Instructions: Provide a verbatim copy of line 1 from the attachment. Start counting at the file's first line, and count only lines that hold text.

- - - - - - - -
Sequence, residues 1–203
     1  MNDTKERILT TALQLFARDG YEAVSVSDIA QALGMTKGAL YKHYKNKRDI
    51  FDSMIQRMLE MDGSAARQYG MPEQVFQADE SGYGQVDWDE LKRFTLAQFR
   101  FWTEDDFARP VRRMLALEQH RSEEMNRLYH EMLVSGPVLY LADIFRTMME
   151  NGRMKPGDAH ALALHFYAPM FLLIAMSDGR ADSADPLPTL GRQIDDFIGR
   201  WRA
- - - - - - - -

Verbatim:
Sequence, residues 1–203